The Telegraph
Since 1st March, 1999
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Mother retraces Shabana steps
- Hospital horror visits rally family again

Howrah, Oct. 16: “Itna kuchh yahan nahin hoga (All this isn’t possible here).”

Drunk at four in the afternoon, a ward boy told Naseema Begum that she could not be treated for diarrhoea at the largest hospital in a district 2 km from Writers’ Buildings.

Seventy-two hours after she lost her six-month-old daughter, Naseema was about to step into the routine that led to Shabana Parveen’s death on rally-hit Monday.

Isse le jao yahan se (Take her away from here),” the drunk ward boy, Mohammad Suleiman, told Naseema’s relatives. It was exactly what the Howrah State General Hospital administration told her when she clutched Shabana in her arms three days ago, a few hours before she lost her.

The hospital, however, failed to turn out Naseema today. Her relatives were much better armed than they were on Monday; they had with them their neighbourhood Youth Congress leaders.

Naseema found herself on the floor of the same gastro-enteritis ward reserved for patients unable to pay for a bed. Admitted with the same ailments — diarrhoea, fever and convulsions — she lost consciousness after a few minutes.

Had she been conscious, she would have seen that doctors come to attend patients two hours after admission; or that nurses are too busy and let trainees do their job.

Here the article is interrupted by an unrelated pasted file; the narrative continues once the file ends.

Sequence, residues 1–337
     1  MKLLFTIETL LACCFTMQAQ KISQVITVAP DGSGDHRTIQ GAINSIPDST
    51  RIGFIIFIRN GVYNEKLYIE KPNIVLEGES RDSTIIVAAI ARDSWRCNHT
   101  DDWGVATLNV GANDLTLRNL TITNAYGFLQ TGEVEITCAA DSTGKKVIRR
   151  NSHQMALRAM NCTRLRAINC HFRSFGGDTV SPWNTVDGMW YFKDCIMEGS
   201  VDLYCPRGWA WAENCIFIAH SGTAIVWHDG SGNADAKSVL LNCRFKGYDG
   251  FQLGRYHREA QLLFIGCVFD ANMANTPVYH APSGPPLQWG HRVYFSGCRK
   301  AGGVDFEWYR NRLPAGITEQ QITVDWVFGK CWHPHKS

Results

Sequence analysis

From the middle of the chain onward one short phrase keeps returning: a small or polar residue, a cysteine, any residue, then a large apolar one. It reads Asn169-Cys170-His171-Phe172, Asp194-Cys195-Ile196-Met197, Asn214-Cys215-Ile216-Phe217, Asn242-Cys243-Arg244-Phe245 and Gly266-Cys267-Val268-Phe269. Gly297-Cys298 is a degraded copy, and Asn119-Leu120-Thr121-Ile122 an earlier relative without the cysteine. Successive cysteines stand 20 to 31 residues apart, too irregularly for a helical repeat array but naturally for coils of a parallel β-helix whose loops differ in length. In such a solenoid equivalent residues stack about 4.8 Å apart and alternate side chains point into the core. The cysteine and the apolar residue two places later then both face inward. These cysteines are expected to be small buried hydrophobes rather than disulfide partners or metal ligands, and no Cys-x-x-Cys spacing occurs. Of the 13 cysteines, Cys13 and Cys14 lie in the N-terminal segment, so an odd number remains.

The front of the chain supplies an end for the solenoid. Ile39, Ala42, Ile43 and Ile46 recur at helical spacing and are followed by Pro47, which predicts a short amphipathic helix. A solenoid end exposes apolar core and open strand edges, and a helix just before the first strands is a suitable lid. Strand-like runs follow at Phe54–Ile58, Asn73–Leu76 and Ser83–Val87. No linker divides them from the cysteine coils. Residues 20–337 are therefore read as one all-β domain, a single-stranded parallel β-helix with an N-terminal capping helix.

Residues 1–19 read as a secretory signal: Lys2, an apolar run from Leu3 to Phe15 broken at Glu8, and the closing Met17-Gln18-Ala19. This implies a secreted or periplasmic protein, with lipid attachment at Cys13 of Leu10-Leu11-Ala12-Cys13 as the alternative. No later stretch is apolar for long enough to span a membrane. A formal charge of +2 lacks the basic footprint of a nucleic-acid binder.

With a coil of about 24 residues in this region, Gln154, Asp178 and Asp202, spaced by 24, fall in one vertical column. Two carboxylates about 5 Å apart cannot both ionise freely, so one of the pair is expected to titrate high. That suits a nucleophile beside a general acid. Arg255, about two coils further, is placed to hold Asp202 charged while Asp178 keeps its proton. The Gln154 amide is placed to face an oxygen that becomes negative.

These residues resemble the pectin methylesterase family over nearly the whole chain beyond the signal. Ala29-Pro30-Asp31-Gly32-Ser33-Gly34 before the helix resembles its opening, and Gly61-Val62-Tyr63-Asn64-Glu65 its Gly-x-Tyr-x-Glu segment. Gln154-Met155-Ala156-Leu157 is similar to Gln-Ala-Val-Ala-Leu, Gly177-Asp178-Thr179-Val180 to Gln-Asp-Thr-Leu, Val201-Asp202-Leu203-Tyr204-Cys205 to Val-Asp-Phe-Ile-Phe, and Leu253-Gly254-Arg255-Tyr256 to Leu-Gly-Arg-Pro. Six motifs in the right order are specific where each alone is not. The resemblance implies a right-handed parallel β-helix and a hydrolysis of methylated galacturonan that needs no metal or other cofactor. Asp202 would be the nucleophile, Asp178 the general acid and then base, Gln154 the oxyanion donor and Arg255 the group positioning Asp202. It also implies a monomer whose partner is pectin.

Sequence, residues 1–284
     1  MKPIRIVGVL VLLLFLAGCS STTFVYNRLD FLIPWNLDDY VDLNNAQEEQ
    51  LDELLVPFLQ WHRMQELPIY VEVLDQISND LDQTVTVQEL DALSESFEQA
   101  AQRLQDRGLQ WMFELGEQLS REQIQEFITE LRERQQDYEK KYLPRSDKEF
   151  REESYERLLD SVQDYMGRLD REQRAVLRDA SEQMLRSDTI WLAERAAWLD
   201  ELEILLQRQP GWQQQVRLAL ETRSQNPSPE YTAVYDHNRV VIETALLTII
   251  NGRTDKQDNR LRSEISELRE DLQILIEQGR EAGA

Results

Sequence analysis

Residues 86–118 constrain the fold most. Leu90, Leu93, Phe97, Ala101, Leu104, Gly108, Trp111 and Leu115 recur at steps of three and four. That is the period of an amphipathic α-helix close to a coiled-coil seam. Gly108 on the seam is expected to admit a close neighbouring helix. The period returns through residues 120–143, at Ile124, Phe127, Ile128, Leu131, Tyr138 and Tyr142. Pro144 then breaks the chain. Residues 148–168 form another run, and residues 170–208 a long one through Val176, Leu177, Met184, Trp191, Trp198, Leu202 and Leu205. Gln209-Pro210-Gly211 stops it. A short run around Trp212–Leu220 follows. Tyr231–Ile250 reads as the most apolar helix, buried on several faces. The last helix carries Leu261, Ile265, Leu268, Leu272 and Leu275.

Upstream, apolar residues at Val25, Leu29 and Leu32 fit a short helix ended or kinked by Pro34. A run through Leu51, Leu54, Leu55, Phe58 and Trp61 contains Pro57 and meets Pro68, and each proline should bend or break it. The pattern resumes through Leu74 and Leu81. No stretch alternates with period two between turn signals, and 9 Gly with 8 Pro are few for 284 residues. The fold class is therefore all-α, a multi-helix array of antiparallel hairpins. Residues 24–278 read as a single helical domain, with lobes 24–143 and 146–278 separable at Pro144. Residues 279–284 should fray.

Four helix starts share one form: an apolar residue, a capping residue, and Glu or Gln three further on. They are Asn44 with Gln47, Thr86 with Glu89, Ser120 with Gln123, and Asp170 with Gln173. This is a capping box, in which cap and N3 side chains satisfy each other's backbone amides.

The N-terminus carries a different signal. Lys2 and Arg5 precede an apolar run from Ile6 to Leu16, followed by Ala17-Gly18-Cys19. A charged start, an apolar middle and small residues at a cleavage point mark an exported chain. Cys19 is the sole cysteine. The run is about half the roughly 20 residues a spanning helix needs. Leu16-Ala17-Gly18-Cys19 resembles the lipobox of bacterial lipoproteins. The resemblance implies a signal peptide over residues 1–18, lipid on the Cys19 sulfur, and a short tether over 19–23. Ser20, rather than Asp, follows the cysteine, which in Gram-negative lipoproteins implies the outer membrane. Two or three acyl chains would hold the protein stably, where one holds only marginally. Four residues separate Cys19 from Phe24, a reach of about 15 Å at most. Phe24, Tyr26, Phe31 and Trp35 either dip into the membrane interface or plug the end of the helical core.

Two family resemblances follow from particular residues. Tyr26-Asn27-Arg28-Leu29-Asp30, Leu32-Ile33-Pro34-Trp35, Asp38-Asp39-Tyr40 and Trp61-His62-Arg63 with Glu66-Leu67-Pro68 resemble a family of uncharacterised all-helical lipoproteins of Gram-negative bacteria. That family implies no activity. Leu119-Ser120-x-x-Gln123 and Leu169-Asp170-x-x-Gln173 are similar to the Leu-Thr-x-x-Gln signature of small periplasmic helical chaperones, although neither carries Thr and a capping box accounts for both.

Naseema arrived at the hospital at 4 pm, welcomed by the ward boy. She got the place closest to the toilet in a room packed with 13 others. Nurses later said the patient to arrive last got the “worst” place. Two fans were not working in the cramped room. A nurse came and left after a look, giving the room over to trainees.

Naseema’s husband, Ashraf Khan, asked for a blanket on which she could be laid. He did not get any, forcing him to go out and buy one. The saline drip started at 4.30 pm and the first medicine she got was courtesy a prescription from a neighbourhood doctor (both bought from the chemist’s outside).

at 5.30 pm — 90 minutes after she arrived — the hospital took over. The call-book, without which doctors could not tend to her, was sent to the doctors’ chamber. “Pathachhi to, dekhchhen na (I am sending it, can’t you see)'” a nurse barked on being reminded of her duty.

The first doctor came at 5.50 pm. He was specially requisitioned from the emergency. There were only three doctors on duty in the 65-doctor hospital.

The doctor who came was not the one to whose care, officially, Naseema was given. Saswata Chatterjee saw to her, though Prabir Pal’s name was written in the patient’s hospital papers.

Convulsions followed but superintendent H.K. Chanda was confident: “This hospital will treat her.”

Silence followed the question why the hospital sent away Shabana, down with the same ailment, to Medical College and Hospital.

Hospital staff, meanwhile, tried to clean up the room. Their first targets were patients sharing Naseema’s ward. “Get out with your belongings,” a female attendant ordered. “Many people are coming to see Naseema.”

The toilet, dark until then, was lit up by 7 pm, soon after the superintendent was yanked out of his chair and forced to see Naseema. This had another effect: Naseema was stretchered to a bed in the general ward (not meant for infectious-disease patients) as the hospital bent over backwards to please her well-wishers.

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